The plaintiff, who was injured when he slipped and fell in the parking lot of the senior citizen housing complex in which he resided, sought to recover damages from the defendant town, claiming that his injuries were caused by the defendant's negligence in failing to sand and remove ice from the parking lot, an obligation the defendant undertook after a vote by the town residents. The trial court granted the defendant's motion to strike the complaint on the ground that the defendant was immune from liability under the statute (§ 52-557n [a]) that provides governmental immunity for negligent acts that require the exercise of discretion. That court also determined that the identifiable person, imminent harm exception to such immunity did not apply to an action, as here, brought solely against a municipality. The trial court rendered judgment for the defendant in accordance with the plaintiff's motion for judgment, and the plaintiff appealed. Held that the trial court improperly granted the motion to strike the plaintiff's complaint, this court previously having determined that the identifiable person, imminent harm common-law exception to municipal employees' qualified immunity applies in an action brought directly against a municipality, regardless of whether an employee or officer of the municipality is also named as a defendant.
Argued January 12, 2010
Officially released June 8, 2010
Action to recover damages for personal injuries sustained as a result of the defendant's alleged negligence, brought to the Superior Court in the judicial district of Litchfield, where the court, Pickard, J., granted the defendant's motion to strike and the plaintiff's motion for judgment in accordance with the memorandum of decision, from which the plaintiff appealed; subsequently, this court granted the motion of John T. Benedict, administrator of the estate of Peter Benedict, to be substituted as the plaintiff. Reversed; further proceedings.
John R. Logan, for the appellant (substitute plaintiff).
David M. Sheridan, for the appellee (defendant).
William F. Gallagher filed a brief for the Connecticut Trial Lawyers Association as amicus curiae.
The dispositive issue in this appeal is whether the identifiable person, imminent harm exception to governmental immunity for discretionary acts applies in an action brought directly against a municipality pursuant to General Statutes § 52-557n (a). The plaintiff, Peter Benedict, appeals from the trial court's grant of the motion to strike filed by the defendant, the town of Norfolk, and the judgment rendered in favor of the defendant in response to the plaintiff's subsequent motion for judgment. The plaintiff claims, inter alia, that the trial court improperly concluded that, under § 52-557n (a) (1) (A), the identifiable person, imminent harm exception applies only to municipal employees and does not extend to municipalities themselves. Based on our recent decision in Grady v. Somers, 294 Conn. 324, 348, 984 A.2d 684 (2009), we agree with the plaintiff and reverse the judgment of the trial court.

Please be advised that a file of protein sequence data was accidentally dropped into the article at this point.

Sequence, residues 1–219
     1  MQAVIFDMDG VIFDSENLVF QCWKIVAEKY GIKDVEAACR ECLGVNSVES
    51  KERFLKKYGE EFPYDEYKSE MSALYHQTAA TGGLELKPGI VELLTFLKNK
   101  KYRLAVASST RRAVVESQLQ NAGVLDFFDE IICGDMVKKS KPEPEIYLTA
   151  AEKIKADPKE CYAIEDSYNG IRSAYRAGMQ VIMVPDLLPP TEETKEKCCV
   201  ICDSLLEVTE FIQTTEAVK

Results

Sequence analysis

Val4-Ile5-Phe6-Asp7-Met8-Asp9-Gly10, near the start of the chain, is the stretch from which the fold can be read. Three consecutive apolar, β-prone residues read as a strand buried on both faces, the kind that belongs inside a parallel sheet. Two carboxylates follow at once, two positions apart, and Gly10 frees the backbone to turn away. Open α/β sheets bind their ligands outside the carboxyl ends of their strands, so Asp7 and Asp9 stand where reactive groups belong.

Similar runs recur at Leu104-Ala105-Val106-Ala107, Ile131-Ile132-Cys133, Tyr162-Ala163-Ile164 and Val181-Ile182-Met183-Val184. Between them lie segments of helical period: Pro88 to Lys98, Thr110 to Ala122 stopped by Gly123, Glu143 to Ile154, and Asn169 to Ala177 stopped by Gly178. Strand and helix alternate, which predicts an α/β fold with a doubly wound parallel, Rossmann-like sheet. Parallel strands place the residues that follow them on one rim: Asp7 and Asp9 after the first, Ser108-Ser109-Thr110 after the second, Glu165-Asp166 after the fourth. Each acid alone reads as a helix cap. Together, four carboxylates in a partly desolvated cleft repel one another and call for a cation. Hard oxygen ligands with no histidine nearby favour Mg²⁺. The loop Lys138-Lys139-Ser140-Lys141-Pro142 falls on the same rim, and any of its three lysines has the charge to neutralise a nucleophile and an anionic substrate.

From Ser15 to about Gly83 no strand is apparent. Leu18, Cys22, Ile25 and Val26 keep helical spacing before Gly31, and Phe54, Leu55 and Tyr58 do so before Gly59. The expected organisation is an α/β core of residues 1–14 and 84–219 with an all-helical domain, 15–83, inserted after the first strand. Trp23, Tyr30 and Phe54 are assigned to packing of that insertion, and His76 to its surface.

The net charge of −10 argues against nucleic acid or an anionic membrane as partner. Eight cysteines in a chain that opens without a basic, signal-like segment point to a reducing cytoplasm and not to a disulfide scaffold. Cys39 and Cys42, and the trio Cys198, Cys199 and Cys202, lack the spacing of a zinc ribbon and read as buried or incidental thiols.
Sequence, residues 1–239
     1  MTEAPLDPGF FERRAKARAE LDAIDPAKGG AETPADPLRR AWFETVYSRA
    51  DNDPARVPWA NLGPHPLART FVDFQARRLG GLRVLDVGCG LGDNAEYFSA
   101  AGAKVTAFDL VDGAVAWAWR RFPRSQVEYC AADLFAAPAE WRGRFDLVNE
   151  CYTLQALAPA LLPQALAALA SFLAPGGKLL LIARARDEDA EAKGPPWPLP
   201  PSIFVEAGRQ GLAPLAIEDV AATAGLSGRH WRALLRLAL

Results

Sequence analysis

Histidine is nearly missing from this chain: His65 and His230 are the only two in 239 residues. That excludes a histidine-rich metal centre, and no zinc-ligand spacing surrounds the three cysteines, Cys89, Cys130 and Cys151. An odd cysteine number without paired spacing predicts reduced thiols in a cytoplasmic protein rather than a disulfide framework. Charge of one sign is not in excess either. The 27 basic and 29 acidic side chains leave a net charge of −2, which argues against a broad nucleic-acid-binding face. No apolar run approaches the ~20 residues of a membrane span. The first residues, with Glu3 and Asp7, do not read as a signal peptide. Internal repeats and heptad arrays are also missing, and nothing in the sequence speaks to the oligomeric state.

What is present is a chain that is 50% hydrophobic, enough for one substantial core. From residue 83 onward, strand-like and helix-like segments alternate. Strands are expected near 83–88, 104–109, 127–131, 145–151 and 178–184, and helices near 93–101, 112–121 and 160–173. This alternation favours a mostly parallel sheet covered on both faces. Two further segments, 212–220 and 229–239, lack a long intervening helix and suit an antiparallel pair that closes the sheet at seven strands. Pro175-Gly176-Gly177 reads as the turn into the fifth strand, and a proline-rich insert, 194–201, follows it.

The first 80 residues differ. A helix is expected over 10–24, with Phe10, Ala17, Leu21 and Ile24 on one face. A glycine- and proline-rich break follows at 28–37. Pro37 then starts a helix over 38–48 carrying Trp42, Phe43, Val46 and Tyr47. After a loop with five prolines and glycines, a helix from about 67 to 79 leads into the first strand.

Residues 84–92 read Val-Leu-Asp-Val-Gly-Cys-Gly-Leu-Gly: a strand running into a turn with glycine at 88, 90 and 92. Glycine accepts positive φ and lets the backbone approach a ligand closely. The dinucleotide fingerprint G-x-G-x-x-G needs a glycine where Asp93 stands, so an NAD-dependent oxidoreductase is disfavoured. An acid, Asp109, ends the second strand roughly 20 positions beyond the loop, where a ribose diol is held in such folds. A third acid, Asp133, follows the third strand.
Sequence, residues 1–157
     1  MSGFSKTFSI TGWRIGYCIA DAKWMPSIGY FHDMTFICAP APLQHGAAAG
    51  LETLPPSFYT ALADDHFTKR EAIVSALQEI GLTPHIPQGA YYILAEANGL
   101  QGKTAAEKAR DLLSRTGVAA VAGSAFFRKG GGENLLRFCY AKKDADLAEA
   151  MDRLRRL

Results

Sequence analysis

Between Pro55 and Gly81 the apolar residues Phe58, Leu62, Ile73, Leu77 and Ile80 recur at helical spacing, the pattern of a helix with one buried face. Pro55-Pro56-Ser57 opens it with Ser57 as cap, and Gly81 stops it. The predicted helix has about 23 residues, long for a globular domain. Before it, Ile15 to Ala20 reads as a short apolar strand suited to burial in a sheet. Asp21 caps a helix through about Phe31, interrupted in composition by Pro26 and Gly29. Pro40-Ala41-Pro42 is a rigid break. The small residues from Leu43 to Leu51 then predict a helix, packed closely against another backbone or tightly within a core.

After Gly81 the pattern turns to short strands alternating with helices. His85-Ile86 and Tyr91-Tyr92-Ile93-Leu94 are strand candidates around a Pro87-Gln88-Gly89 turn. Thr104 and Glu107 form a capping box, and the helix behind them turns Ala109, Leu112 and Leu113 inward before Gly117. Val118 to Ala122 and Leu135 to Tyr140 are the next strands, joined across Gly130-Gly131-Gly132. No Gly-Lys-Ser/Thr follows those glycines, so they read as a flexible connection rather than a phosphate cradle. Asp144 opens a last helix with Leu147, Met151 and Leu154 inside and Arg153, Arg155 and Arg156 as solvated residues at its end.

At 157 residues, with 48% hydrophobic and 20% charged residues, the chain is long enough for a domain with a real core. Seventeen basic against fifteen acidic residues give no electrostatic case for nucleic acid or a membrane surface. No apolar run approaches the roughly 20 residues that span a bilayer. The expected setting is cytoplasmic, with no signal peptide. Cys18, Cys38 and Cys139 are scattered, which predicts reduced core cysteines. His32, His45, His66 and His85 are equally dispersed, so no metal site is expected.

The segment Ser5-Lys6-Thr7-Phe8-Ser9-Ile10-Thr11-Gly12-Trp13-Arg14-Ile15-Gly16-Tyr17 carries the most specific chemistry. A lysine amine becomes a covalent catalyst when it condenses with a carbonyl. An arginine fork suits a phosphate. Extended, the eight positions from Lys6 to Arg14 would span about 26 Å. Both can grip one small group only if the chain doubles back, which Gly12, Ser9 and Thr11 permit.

The imminent harm exception to discretionary act immunity applies "when the circumstances make it apparent to the public officer that his or her failure to act would be likely to subject an identifiable person to imminent harm. . . . By its own terms, this test requires three things: (1) an imminent harm; (2) an identifiable victim; and (3) a public official to whom it is apparent that his or her conduct is likely to subject that victim to that harm. . . . If the plaintiffs fail to establish any one of the three prongs, this failure will be fatal to their claim that they come within the imminent harm exception." (Citations omitted; internal quotation marks omitted.) Violano v. Fernandez, 280 Conn. 310, 329, 907 A.2d 1188 (2006).
General Statutes § 52-557n (a) provides: "(1) Except as otherwise provided by law, a political subdivision of the state shall be liable for damages to person or property caused by: (A) The negligent acts or omissions of such political subdivision or any employee, officer or agent thereof acting within the scope of his employment or official duties; (B) negligence in the performance of functions from which the political subdivision derives a special corporate profit or pecuniary benefit; and (C) acts of the political subdivision which constitute the creation or participation in the creation of a nuisance; provided, no cause of action shall be maintained for damages resulting from injury to any person or property by means of a defective road or bridge except pursuant to section 13a-149. (2) Except as otherwise provided by law, a political subdivision of the state shall not be liable for damages to person or property caused by: (A) Acts or omissions of any employee, officer or agent which constitute criminal conduct, fraud, actual malice or wilful misconduct; or (B) negligent acts or omissions which require the exercise of judgment or discretion as an official function of the authority expressly or impliedly granted by law."